European Commission Calls for More Openness on “Smart Cities”

The EU’s ruling body wants greater transparency around data-driven, tech-enabled city building.

The European Commission headquarters in Brussels. Credit: Sébastien Bertrand on Flickr

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In a new press release, the European Union’s governing body asks those working on data-driven, technology-enabled city building to do more to publish on the progress of that work. It’s part of an effort to bake openness about planning into the Commission’s work on “smart cities” from the start:

The challenge is being issued to city administrations, small and large companies and other organisations to go public with their ICT [information and communications technology], energy and mobility plans, so that all parties can learn from each other and grow the smart city market. Through collaboration as well as traditional competition, the Europe will get smarter, more competitive and more sustainable.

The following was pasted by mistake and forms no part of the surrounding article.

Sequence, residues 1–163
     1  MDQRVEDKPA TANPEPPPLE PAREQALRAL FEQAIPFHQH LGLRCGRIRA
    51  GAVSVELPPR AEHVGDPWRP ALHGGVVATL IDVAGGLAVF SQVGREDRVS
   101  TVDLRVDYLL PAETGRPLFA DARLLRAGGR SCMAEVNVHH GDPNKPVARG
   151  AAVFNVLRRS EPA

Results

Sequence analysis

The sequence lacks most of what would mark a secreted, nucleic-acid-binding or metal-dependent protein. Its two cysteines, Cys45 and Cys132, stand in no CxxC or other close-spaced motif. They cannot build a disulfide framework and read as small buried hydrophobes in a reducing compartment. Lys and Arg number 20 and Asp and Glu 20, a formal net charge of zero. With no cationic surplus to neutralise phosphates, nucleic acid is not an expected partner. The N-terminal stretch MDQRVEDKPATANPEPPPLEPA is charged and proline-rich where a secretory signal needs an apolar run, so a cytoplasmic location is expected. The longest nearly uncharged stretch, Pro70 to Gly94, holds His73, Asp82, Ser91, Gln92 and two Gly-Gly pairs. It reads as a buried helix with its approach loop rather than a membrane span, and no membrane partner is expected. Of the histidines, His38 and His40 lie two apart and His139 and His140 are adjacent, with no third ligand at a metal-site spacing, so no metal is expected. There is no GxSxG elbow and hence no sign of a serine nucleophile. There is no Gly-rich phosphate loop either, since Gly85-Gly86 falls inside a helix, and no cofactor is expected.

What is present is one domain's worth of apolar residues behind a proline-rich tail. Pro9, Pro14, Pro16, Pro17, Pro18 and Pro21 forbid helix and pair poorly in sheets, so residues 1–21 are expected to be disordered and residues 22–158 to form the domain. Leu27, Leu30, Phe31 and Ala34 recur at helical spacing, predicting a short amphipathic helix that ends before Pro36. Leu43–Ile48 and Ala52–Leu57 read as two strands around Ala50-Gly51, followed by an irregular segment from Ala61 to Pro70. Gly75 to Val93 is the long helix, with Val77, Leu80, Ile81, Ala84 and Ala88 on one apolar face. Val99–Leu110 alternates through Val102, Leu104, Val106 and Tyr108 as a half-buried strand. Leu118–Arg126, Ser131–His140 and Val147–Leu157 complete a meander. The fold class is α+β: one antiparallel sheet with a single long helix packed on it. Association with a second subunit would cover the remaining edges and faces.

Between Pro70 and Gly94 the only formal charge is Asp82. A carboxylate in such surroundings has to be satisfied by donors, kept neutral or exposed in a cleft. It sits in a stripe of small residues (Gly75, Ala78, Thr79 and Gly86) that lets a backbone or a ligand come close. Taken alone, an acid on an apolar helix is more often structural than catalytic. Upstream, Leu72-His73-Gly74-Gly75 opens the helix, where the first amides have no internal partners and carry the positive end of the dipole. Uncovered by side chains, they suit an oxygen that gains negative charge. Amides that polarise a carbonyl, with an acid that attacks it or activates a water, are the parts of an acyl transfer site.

The European Commission certainly isn’t skeptical of the “smart city” concept. Under its auspices is the relatively new European Innovation Partnership on Smart Cities and Communities. That effort is just getting off the ground, and this notice comes as part of the process for soliciting proposals for participation in that partnership. Indeed, European Commission vice president Neelie Kroes also says of “smart cities” in the press release, “Nothing else makes sense. And nothing else is such a worldwide economic opportunity.”

So “smart cities” are here among friends. But by general admission of even its most fervent fans, the field has its fair share of spin, self-promotion and success stories that don’t hold up once you dig into things like facts and data. (For a strong, negative take on the topic, dip into Adam Greenfield’s mini-manifesto Against the Smart City.)

There’s no real teeth behind the European Commission’s call here — the challenge isn’t coming in the form of detailed guidelines, much less requirements — but it suggests that even “smart city” proponents in Brussels would like to peel back the curtain a bit on the claims being made in its name.

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Nancy Scola is a Washington, DC-based journalist whose work tends to focus on the intersections of technology, politics, and public policy. Shortly after returning from Havana she started as a tech reporter at POLITICO.

Tags: shared cityopen govsmart cities

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